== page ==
A. M. Rohaly, H. R. Wilson, “Constraints on binocular fusion do not depend on temporal frequency or color,” Suppl. Invest. Ophthalmol. Vis. Sci. 31, 304 (1990).

1989 (1)

R. Blake, “A neural theory of binocular rivalry,” Psych. Rev. 96, 145–167 (1989).
[CrossRef]

1988 (2)

R. A. Akerstrom, J. T. Todd, “The perception of stereoscopic transparency,” Percept. Psychophys. 44, 421–432 (1988).
[CrossRef] [PubMed]

H. R. Wilson, R. Blake, J. Pokorny, “Limits of binocular fusion in the short wave sensitive (‘blue’) cones,” Vision Res. 28, 555–562 (1988).
[CrossRef]

1987 (4)

C. H. Anderson, D. C. VanEssen, “Shifter circuits: a computational strategy for dynamic aspects of visual processing,” Proc. Natl. Acad. Sci. USA 84, 6297–6301 (1987).
[CrossRef] [PubMed]

G. J. Mitchison, S. P. McKee, “The resolution of ambiguous stereoscopic matches by interpolation,” Vision Res. 27, 285–294 (1987).
[CrossRef] [PubMed]

G. J. Mitchison, S. P. McKee, “Interpolation and the detection of fine structure in stereoscopic matching,” Vision Res. 27, 295–302 (1987).
[CrossRef] [PubMed]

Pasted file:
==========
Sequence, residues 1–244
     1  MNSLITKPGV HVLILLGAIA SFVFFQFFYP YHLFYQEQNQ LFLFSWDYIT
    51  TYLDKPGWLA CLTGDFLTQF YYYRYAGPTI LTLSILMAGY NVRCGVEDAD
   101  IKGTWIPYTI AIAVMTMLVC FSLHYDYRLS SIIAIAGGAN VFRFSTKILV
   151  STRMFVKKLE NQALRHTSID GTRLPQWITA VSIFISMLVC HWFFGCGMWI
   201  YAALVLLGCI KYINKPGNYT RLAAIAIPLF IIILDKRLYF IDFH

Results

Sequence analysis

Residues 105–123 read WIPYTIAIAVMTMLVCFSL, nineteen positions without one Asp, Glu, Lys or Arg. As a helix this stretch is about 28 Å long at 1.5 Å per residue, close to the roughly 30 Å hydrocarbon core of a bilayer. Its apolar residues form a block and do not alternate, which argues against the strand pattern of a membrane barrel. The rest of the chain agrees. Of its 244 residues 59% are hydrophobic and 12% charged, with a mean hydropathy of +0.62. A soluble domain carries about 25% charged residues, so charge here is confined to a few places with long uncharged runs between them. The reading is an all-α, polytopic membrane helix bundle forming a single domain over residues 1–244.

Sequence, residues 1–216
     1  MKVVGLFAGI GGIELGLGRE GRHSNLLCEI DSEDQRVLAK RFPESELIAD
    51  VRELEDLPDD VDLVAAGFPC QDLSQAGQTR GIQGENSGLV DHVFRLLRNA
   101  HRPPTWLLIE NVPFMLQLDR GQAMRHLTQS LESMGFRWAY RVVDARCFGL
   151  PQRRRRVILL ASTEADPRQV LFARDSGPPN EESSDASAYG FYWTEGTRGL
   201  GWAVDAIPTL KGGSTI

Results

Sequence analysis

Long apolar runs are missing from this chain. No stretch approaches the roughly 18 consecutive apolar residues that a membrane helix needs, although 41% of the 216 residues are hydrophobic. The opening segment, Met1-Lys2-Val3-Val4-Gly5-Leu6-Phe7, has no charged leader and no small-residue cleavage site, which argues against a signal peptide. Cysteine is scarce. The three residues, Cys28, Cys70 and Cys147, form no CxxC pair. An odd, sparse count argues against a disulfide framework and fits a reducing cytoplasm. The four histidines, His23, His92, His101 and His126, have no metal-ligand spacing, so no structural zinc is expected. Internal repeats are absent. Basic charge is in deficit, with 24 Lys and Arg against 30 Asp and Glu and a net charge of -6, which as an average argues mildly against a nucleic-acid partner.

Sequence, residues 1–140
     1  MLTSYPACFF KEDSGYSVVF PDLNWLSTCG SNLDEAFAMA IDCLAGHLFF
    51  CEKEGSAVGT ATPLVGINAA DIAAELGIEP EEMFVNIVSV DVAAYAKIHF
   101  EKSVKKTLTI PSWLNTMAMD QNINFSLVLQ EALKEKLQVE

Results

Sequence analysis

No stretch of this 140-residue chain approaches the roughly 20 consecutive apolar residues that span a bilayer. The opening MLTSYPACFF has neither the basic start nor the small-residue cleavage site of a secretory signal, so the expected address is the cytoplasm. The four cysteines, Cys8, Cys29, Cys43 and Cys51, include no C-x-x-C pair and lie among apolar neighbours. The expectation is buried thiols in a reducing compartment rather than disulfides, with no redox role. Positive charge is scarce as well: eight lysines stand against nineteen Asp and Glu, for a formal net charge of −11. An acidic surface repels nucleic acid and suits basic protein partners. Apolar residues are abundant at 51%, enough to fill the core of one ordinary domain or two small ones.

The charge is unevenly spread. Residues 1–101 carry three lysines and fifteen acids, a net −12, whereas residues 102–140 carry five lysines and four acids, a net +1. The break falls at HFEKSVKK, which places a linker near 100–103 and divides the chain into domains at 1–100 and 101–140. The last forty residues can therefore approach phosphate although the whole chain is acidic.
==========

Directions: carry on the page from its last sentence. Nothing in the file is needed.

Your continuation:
K. Prazdny, “On the coarse-to-fine strategy in stereomatching,” Bull. Psychon. Soc. 25, 92–94 (1987).

1986 (1)

G. Westheimer, “Spatial interaction in the domain of disparity signals in human stereoscopic vision,”J. Physiol. 370, 619–629 (1986).
[PubMed]

1985 (2)

1984 (2)

C. Schor, I. Wood, J. Ogawa, “Binocular sensory fusion is limited by spatial resolution,” Vision Res. 24, 661–665 (1984).
[CrossRef] [PubMed]

W. H. Swanson, H. R. Wilson, S. C. Giese, “Contrast matching data predicted from contrast increment thresholds,” Vision Res. 24, 63–75 (1984).
[CrossRef] [PubMed]

1983 (1)

H. R. Wilson, D. K. McFarlane, G. C. Phillips, “Spatial frequency tuning of orientation selective units estimated by oblique masking,” Vision Res. 23, 873–882 (1983).
[CrossRef] [PubMed]

1981 (2)

B. Julesz, R. A. Schumer, “Early visual perception,” Ann. Rev. Psychol. 32, 575–627 (1981).
[CrossRef]

D. Ferster, “A comparison of binocular depth mechanisms in areas 17 and 18 of the cat visual cortex,”J. Physiol. 311, 623–655 (1981).
[PubMed]

1980 (3)

P. Burt, B. Julesz, “A disparity gradient limit for binocular fusion,” Science 208, 615–617 (1980).
[CrossRef] [PubMed]

G. E. Legge, J. M. Foley, “Contrast masking in human vision,”J. Opt. Soc. Am. 70, 1458–1470 (1980).
[CrossRef] [PubMed]

R. L. DeValois, K. K. DeValois, “Spatial vision,” Ann. Rev. Psychol. 31, 309–341 (1980).
[CrossRef]

1979 (3)

H. R. Wilson, J. R. Bergen, “A four mechanism model for threshold spatial vision,” Vision Res. 19, 19–32 (1979).
[CrossRef] [PubMed]

G. Westheimer, “Cooperative neural processes involved in stereoscopic acuity,” Exp. Brain Res. 36, 585–597 (1979).
[CrossRef] [PubMed]